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Publication numberUS5032010 A
Publication typeGrant
Application numberUS 07/286,592
Publication dateJul 16, 1991
Filing dateDec 19, 1988
Priority dateDec 19, 1988
Fee statusPaid
Publication number07286592, 286592, US 5032010 A, US 5032010A, US-A-5032010, US5032010 A, US5032010A
InventorsShing-Fong Su
Original AssigneeGte Laboratories Incorporated
Export CitationBiBTeX, EndNote, RefMan
External Links: USPTO, USPTO Assignment, Espacenet
Optical serial-to-parallel converter
US 5032010 A
Abstract
An optical serial-to-parallel converter constructed from at least two optical shift registers connected in cascade, each optical shift register having a 12 optical switch connected to its output. Each optical shift register in the sequence is optically coupled to the next sequential optical shift register through one output of said 12 optical switch to the input port of the next sequential optical shift register. The input port of the first optical shift register serves as the input to the optical serial-to-parallel converter, receiving a series of optical pulses. The output ports of each of said third optical switches serve as the output ports of the optical serial-to-parallel converter. The optical shift registers are controlled by two clocks, operating at the same rate, but each out of phase with the other. Control signals are provided by a third clock to output said optical pulses simultaneously from said optical shift registers through said optical output switches to effect an optical serial-to-parallel conversion.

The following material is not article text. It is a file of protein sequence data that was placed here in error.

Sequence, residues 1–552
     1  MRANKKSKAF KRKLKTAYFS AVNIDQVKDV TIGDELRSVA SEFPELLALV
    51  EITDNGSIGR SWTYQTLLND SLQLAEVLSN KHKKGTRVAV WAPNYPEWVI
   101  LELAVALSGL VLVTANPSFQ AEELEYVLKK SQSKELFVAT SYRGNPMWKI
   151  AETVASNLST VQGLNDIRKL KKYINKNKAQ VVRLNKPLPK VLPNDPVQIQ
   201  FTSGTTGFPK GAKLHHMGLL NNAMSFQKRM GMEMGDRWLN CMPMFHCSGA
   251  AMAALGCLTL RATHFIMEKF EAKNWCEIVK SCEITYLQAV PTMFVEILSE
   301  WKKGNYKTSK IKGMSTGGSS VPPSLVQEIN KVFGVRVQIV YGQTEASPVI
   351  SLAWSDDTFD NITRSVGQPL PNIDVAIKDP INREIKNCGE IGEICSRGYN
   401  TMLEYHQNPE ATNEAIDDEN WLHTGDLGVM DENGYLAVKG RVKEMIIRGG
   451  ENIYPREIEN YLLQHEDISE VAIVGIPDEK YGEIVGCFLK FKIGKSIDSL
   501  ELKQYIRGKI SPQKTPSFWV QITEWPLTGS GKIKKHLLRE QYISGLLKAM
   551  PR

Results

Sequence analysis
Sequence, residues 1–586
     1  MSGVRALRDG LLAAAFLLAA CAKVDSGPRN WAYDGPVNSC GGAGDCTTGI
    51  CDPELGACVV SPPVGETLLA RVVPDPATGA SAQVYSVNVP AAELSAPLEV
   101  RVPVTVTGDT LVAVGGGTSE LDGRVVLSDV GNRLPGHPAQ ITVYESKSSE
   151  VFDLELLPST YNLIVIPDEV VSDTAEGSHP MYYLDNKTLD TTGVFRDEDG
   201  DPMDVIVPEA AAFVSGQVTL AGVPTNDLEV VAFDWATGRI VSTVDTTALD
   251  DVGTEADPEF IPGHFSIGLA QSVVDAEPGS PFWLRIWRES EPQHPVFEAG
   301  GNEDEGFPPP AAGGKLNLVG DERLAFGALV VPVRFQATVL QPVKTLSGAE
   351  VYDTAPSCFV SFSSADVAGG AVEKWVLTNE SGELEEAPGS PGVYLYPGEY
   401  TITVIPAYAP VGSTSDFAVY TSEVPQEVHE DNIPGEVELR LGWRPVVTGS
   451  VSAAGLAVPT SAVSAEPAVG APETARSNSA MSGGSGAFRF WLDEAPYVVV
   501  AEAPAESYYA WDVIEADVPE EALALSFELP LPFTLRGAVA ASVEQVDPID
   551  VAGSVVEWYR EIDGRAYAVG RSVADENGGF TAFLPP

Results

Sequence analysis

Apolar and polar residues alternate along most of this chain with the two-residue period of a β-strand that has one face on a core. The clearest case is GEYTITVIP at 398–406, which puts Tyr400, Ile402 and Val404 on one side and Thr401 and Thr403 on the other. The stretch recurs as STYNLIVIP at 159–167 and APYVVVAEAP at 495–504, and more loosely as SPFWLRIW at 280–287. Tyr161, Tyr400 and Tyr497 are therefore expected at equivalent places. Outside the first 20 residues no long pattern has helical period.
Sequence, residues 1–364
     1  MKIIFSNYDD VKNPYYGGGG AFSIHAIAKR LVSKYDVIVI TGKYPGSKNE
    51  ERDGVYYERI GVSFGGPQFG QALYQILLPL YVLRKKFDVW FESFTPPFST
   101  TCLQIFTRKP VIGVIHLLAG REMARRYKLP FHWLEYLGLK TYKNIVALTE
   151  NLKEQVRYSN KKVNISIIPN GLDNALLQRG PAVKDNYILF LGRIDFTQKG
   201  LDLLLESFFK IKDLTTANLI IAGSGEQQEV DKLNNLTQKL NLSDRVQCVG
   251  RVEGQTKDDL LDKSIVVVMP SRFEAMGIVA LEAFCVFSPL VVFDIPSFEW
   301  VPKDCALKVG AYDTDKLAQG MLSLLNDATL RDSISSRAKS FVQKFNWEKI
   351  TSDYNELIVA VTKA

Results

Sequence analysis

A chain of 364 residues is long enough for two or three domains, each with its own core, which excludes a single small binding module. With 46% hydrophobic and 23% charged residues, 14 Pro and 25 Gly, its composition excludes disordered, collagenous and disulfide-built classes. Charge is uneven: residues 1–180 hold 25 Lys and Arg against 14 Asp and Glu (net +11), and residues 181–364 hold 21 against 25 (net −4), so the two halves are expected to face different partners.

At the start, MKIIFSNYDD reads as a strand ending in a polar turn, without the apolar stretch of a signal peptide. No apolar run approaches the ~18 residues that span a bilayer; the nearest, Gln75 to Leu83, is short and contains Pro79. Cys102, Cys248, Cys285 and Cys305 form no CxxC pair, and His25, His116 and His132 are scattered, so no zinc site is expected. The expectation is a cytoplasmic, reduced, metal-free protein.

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Claims(13)
What is claimed is:
1. An optical serial-to-parallel converter, comprising:
optical input means adapted to serially receive sets of N optical pulses;
optical storage means comprising:
N single bit optical shift registers, each of said optical shift registers having an input port adapted to receive optical pulses and an output port adapted to output optical pulses responsive to control signals;
means to optically couple said N optical shift registers in cascade such that the output port of one optical shift register is optically coupled to the input port of the next sequential optical shift register in said cascade;
each of said single bit optical shift registers having means to optically store a circulating optical pulse and optically shift a single optical pulse responsive to control signals; and
means to load and shift each of a set of N serial optical pulses received at the input of said optical converter into said cascaded optical shift registers until each of said N optical shift registers has stored one of said N optical pulses;
said optical storage means optically being coupled to said optical input means and adapted to store temporarily each of said N optical pulses of a set as it is received until all N pulses of said set have been received;
N optical output means optically coupled to said optical storage means adapted to output simultaneously and in parallel all of said N optical pulses as soon as the last of said optical pulses has been received and stored temporarily, each of said N optical output means outputting one of said optical pulses; and
control means adapted to provide signals to control the input, storage and output of said optical pulses.